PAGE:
I recently finished David Copperfield by Charles Dickens. Even though it was the second time I had read it, the emotions were the same, if not accentuated. I love almost everything about it—the language, the emotions, the characters, the lessons, etc. The only thing I might not have loved was that Mr Micawber talked way too much. But then again, he’s like that.
In short, this is what happened with the book:
Nothing like a Veggietales gif to explain your feelings about a book.
Anyway, to the point. What especially struck me this time while reading was a sentence near the end (page 750 out of 837 in my edition) in a letter from Emily Peggotty to David Copperfield. There’s a lot of sorrowful backstory behind the letter, but to stay spoiler-free I won’t say anything about it.
Starting from the second paragraph of the letter:
I have put the words close to my heart. I shall keep them till I die. They are sharp thorns, but they are such comfort. I have prayed over them, oh, I have prayed so much. When I find what you are, and what uncle is, I think what God must be, and can cry to him.
Goodbye forever. Now, my dear, my friend, good-bye forever in this world. In another world, if I am forgiven, I may wake a child and come to you. All thanks and blessings. Farewell, evermore.
Sure, it’s sad and beautiful, but so what? Look again. This is what struck me to the core and resounded in my soul:
“When I find what you are, and what uncle is,
I think what God must be, and can cry to him.”
There are thousands of beautiful sentences in David Copperfield, but in this reread of it I feel that this is the most beautiful. To unpack and delve into it, I’ll give some context.
Both Mr Peggotty (the uncle referred) and Copperfield had been exceedingly kind to Emily and had helped to extricate her from a scathing scandal. She’s full of remorse and penitence.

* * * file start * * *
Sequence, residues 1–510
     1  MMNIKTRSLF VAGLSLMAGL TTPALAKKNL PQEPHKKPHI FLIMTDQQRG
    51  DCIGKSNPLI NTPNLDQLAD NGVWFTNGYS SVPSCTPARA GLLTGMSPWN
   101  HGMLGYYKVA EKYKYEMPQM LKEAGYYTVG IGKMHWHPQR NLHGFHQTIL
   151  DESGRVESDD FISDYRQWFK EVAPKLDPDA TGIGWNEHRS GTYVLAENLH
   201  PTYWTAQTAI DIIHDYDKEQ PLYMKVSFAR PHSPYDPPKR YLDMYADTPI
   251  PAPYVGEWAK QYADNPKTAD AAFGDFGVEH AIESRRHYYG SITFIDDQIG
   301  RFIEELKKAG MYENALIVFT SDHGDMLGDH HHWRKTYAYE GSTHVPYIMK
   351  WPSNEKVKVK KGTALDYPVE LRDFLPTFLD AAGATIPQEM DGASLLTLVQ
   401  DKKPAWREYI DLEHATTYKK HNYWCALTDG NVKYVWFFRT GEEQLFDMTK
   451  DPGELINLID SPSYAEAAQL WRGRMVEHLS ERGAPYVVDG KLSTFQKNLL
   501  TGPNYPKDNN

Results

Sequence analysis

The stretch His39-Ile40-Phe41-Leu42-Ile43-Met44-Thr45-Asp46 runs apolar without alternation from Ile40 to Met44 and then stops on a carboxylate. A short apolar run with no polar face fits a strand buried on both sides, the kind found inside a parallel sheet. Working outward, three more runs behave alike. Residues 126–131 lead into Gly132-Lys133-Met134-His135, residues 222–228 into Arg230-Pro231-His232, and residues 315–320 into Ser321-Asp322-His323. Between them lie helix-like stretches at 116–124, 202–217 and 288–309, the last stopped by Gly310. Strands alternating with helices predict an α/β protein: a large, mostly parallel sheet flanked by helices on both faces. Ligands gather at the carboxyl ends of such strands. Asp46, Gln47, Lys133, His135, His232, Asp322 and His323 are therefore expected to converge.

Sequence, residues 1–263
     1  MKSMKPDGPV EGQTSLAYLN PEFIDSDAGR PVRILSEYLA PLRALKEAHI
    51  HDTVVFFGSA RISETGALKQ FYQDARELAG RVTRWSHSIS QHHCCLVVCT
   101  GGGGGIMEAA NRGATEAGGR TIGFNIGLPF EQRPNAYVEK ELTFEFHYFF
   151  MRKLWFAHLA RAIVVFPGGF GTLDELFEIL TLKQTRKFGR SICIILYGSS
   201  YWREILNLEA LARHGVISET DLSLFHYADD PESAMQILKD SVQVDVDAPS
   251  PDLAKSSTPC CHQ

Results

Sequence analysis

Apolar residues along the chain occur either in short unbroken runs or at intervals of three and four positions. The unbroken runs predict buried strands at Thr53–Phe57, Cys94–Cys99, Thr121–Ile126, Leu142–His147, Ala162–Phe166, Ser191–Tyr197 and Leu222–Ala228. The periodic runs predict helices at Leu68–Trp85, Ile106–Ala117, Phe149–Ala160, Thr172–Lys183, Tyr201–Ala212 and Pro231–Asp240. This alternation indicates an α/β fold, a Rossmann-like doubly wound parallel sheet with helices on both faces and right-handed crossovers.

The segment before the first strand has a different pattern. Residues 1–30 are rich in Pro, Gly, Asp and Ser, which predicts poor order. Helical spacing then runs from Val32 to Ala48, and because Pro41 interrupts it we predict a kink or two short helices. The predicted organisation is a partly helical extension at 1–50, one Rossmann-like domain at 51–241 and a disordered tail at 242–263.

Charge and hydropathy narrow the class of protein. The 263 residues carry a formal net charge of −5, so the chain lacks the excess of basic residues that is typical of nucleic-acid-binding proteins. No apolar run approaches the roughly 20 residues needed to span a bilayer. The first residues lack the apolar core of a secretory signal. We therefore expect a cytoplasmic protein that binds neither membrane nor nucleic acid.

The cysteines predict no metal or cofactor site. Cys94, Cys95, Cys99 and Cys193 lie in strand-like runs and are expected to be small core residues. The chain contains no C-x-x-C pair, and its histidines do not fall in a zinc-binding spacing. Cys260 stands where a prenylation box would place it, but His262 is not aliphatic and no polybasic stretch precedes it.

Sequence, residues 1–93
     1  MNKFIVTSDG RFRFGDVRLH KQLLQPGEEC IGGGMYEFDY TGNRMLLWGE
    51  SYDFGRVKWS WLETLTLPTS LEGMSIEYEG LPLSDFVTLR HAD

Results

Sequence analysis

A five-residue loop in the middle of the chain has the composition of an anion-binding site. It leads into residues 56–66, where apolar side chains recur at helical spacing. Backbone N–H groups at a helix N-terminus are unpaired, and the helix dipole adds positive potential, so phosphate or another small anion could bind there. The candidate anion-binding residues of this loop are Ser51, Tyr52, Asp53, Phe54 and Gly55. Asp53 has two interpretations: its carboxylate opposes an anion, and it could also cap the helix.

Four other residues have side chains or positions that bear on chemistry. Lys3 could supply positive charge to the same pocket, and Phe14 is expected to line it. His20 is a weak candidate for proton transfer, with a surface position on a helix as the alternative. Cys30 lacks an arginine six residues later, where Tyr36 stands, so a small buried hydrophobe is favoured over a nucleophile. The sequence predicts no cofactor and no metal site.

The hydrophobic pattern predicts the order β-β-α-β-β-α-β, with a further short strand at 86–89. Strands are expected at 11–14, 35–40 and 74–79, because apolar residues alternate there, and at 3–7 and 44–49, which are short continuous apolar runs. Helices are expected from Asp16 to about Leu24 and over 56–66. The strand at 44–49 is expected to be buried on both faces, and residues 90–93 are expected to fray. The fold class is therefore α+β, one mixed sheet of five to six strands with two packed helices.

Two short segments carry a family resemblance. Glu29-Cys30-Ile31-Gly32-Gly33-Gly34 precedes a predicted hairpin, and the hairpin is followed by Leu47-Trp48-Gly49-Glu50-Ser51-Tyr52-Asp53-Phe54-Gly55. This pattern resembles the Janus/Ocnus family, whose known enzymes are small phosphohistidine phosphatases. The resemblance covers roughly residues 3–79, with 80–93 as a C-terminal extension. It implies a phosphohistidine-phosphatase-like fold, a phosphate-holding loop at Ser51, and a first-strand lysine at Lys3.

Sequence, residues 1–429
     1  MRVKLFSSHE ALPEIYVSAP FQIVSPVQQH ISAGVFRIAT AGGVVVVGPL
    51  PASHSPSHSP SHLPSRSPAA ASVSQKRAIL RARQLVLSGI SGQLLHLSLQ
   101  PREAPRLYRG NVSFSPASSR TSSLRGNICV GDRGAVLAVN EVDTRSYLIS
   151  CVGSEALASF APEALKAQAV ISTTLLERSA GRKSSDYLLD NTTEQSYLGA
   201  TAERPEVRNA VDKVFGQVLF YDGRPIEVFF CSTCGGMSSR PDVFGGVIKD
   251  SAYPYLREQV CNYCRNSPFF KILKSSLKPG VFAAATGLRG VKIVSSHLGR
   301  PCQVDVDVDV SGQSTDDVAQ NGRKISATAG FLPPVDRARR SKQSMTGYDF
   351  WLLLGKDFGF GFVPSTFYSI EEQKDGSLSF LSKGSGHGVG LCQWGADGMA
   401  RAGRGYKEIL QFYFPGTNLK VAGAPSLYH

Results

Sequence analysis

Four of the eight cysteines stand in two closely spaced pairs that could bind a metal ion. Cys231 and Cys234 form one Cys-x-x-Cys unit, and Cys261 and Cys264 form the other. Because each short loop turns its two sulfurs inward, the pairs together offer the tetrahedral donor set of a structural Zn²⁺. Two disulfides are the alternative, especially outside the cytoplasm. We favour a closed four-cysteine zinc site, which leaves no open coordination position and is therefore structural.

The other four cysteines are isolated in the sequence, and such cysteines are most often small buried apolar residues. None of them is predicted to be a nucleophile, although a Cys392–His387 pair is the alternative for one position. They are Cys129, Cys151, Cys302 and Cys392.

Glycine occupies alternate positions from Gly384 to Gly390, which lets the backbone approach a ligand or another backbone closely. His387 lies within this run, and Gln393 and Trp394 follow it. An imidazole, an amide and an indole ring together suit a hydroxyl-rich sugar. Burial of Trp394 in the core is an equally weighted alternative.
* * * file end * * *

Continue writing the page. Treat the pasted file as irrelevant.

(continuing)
And then she writes those words that I have emboldened and italicised. She had certainly strayed from God in those dark years, but now she returns to Him and dares to pray to Him. But why? Because she has seen an image of Him in others.
“I think what God must be”—if humans, who are fallible and sinful and broken, can show such love and tenderness and forgiveness; how much more can God be to her? Because she has seen a reflection of God in humans made in His image, she is now able to cry to Him. Before she may have been terrified of His judgement of her, but she now sees what God must be—only ten thousand times more loving and tender and forgiving, and then in Him she can find solace.
What I’m trying to say is that few people can see God visually, physically. And that’s why we need mirrors that reflect His glory and His goodness. We need to be those mirrors that give people a glimpse of what God must be, and then to let them feel free to cry out to Him. Otherwise people can only guess at God’s form. Is he a crotchety old man or a mean grouch? No; we must be images of God and let people peek into the unseen realm of what God must be.
If all of us who call ourselves Christians would just do this—strive to embody God’s moral characteristics of love and grace and holiness—how many more people would see Him in His true light and dare to pray to Him? Let me pose a challenge to you: embody Christ. Reflect Him.
And this is why everyone should read David Copperfield (Sorry, couldn’t resist).